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Michael Petruzzelli

, National Council for Mental Wellbeing

Consensus Building on ACA Repeal, Replace Continues in Congress

February 9, 2017 | ACA | Comments
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While Cabinet confirmation hearings dominated the news cycle this week, discussions continued on Capitol Hill over how to move forward with repealing and replacing the Affordable Care Act. This week featured the introduction of new legislation as well as public back and forth among individual Members of Congress debating next steps. Legislators have yet to coalesce around a course of action on reforming the nation’s health care system.

 

REPEAL OR REPAIR?

There is a growing divide among congressional leaders on whether Congress can and should fully repeal the Affordable Care Act. Many of the law’s provisions are popular to large sectors of the American electorate. Senators Susan Collins (R-ME) and Bill Cassidy (R-LA) recently introduced legislation that would allow states three options: keep ACA mandates and requirements, choose a new state alternative with federal assistance or design an alternative without federal assistance. One of the more moderate initiatives, this plan was met with criticism from more conservative legislators for not repealing the health care law it its entirety.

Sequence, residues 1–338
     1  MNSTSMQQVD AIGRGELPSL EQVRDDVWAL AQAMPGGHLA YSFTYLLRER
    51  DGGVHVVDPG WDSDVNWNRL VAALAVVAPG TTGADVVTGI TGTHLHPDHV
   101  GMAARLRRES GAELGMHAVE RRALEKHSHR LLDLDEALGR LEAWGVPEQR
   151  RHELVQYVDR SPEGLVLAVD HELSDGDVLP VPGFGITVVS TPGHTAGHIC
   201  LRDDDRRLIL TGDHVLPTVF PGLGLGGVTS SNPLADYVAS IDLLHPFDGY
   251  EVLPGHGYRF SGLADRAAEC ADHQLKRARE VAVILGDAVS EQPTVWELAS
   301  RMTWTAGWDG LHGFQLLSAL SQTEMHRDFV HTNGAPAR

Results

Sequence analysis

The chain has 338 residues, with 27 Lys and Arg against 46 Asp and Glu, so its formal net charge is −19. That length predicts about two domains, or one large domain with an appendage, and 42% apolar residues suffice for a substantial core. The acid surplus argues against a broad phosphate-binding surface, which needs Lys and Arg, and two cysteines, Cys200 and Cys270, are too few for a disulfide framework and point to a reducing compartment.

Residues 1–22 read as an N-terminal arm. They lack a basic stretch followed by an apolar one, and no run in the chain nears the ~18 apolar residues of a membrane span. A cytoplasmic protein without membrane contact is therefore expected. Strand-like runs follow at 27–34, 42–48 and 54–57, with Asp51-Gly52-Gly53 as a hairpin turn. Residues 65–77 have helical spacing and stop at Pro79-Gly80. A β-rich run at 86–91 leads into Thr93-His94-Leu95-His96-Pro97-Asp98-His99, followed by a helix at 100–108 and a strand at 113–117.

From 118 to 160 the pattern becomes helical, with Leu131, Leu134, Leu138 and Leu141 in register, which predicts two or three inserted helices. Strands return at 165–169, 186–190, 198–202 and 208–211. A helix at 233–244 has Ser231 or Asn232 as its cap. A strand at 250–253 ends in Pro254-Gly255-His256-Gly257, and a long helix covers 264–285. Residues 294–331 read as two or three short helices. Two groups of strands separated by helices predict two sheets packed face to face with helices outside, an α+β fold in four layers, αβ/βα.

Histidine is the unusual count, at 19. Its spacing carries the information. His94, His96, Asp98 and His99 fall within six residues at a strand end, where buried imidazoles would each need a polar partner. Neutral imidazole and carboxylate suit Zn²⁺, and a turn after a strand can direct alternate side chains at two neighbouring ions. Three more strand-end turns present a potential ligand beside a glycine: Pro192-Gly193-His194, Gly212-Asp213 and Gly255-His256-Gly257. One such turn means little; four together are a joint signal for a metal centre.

Senator Mike Lee (R-UT) is one of the more vocal champions of simply repealing the health care law and waiting until later to craft and debate a replacement package. “If we load down the repeal discussion with what comes next, I think it’s going to make it a lot harder to get either one of them done,” Lee said recently in an interview. “We need to repeal it first before deciding what comes next. I think there is a lot of agreement among Republicans in Congress with regard to the repeal bill. There is a lot less agreement on what comes next.”

 

TAKE ACTION AND #UNITE4BH 

As these discussions continue on Capitol Hill, the National Council is asking all advocates to speak up and take action by joining our Unite4BH campaign. The campaign to unite for behavioral health aims to demonstrate the widespread, bipartisan support for coverage and care of mental illness and addiction. Join us today!